Roadshow Video Reviews
2015 Volvo V60 T6 R DesignIn a world of automotive sameness, Volvo stays different and cranks up the apps with Sensus Connect.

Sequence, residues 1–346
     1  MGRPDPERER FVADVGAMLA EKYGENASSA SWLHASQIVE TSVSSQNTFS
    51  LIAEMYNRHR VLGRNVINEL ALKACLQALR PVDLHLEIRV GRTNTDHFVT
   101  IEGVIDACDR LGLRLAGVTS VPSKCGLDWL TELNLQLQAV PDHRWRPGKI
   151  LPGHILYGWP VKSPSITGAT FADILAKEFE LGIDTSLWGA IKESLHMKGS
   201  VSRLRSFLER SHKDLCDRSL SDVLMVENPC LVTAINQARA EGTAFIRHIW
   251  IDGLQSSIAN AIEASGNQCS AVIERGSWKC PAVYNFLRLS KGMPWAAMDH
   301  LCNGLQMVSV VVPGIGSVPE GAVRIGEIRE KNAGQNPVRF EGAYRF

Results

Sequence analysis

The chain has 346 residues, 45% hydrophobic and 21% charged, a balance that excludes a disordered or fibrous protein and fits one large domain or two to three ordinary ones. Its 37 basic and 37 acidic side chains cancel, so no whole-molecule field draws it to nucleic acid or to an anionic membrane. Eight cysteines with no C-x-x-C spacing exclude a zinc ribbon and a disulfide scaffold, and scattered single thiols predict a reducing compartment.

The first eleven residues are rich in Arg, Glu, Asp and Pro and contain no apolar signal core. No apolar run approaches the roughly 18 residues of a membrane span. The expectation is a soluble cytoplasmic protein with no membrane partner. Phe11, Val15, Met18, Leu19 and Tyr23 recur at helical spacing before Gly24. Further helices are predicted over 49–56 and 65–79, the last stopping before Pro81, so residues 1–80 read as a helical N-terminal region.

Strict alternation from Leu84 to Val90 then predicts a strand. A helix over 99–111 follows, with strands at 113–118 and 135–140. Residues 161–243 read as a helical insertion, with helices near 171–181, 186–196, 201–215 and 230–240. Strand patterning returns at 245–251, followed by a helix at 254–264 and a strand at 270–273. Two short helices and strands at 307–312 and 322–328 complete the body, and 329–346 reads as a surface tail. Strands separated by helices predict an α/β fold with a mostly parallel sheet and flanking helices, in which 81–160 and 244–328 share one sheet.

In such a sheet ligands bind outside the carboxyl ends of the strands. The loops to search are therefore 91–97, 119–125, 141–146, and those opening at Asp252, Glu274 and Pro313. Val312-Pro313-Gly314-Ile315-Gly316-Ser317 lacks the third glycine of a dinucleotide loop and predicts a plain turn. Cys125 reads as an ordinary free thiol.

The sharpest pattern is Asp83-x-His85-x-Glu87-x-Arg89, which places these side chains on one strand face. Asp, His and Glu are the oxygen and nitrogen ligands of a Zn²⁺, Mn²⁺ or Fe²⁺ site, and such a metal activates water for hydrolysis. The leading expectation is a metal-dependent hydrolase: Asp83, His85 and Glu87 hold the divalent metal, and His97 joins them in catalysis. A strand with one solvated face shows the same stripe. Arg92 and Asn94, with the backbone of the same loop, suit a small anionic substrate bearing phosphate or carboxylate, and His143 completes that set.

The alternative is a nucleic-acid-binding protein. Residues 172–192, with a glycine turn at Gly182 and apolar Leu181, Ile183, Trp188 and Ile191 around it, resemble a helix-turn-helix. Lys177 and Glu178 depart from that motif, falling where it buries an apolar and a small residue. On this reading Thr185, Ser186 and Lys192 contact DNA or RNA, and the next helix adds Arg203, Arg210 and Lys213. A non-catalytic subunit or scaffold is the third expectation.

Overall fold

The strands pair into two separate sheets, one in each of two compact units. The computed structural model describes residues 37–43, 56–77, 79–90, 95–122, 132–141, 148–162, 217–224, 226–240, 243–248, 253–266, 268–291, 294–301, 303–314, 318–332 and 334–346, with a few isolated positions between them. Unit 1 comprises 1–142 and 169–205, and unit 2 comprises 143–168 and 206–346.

[MUSIC] In a world of cars that have an awful lot of sameness these days, the Swedes still manage to do things differently. Bless their little souls for that. And differently in this V60 as well because Volvo's got a ambitious suite of connected apps. Let's check 'em on the road and check 'em it the cloud as we drive this 15 V60R design T6. Check the 'vette. I just love compact little sport wagons, so I'm predisposed to this car. RV60 is also an R Design, which is gonna make you predisposed to it. It's got a great looking subtle body kit, special [UNKNOWN] on all four wheels, different seats and the wheel itself. You've also got a stiffer but still non adaptive sports suspension and we're looking at unique LCD instrument panel inside. [MUSIC] You better like it cuz it's about $46,000 or so base, $1000 for a convenience package that makes you pay extra for a rear camera and a few other things. The tech package though is a steal. Adaptive cruise with low speed negotiation, forward collision with full braking, pedestrian and bike detection with full braking and it can read road signs. But then after all that they leave you out in the cold without blind spot technology which these guys are known for. That's 900 more. Anyway that's how we get to 50 grand. Let's see what you get. First thing you notice is the instrument panel. That is one of the cleanest minimalist out there. It fits in with their mission to reduce driver. For distraction. It also looks great. That's basically what it looks like all the time with some minor changes you can make to the information including really stripping it down. I like it a lot. Going to the head unit here, we have our navigation. We've seen this nav before. It's not too unusual. The radio choices include HD radio standard, and then under a separate menu you find media. You know I'm not crazy about that. That said, you basically got all the choices you'd ever want. Optical disk is still in a Volvo by the way. Bluetooth streaming and USB and AUX. Are here in the console. Here's an interesting button, little globe icon. That brings you to a new set of connected services. The Apps include simple pedestrian things like finding fuel, you've got Glympse to share your location, pass. Local search, thank you, find something in nav to it. Here is Pandora and Rdio and Stitcher. And tune in. I don't think I've seen a car on the market that has more popular streaming and audio apps in one place. Good work. WikiLocations I can live without. It seems to have almost nothing in it, and it's a haphazard arrangement. And then of course there's Yelp. All of this by the way controlled by Volvo's controller which is one of four knobs here, but this is the power knob. This is where you turn to select, push OK. Hit that same button to bring up a menu. That's also your back button. I appreciate having hardware back. Now here's where it gets a little bit wonky. You do have voice command for this car for things like phone, built in navigation and entertainment. Voice command does not work for these apps. So shockingly for a Volvo, you can work the knob, load the apps and use text type to enter your preferences or searches, while driving. What company is this? They're all about safety and that's not. Now in terms of connection, I do have my phone paired to this car. But it's not providing the data pipe. It's not a tethered arrangement. It's part of a big trend to give cars their own IP address on the cloud. However, the AT&T-provided connection runs from just okay to painfully slow, at least in our tests around San Francisco. As for cost, Volvo and AT%T are still trying to figure that out. Your first six months are on the house, then they'll let you know what it's gonna cost. Now driving this guy is gonna be a combination of a PRND shifter with a left side gate. We'll see how that works in a moment. You do have paddles on the wheel. Notice there's no elaborate all wheel drive controls. There's no real sport mode except putting this guy in sport. I like the minimalist of that keeping up with the design of the IP. Now because we have a T6 that means we have a 3 litre inline side saddle mounted six cylinder engine and it's turbo charged. It's also missing some of the fashionable technologies of today. For example, it does not have direct injection. It's hooked up to a sixteen transmission. Out of 7, 8, or 9 speed as is the fashion today. But it gets the job done. 325 horsepower, 354 pound feet of torque. Zero to sixty is an admirable 4.9 seconds. Critically one tenth. Within the five-second mark, which is kind of a special club among cars. The MPG ain't so interesting, perhaps as a result. 19 city, 28 highway. Missing key psychological levels on both. Well the V60 certainly is interesting. Depending on what you're in, it's either one of my least or one of my most favorite drivers of the year. Here's what I mean. Leave it in drive, and it's this horrible experience of spooly, loopy power. It gets buried under tall gears and low RPMs. And when you need power and you stab at it, you get too much of it too late. Then, swap it over in sport mode here, you're not even shifting yourself, and everything livens up and comes online. That means you're gonna burn more gas so that's the price you pay to wake this car up, and it's MPG. It's not stunner to begin with. The other impression you get from this guy is really solid build. That's a Volvo thing but particularity here in this nice compact frame, and the ergo in the car really is great. I mean nothing is not clearly visible or easily accessible but also goes with the outward visibility. You've got the big chunky headrest but hit this button. They drop right down. [MUSIC]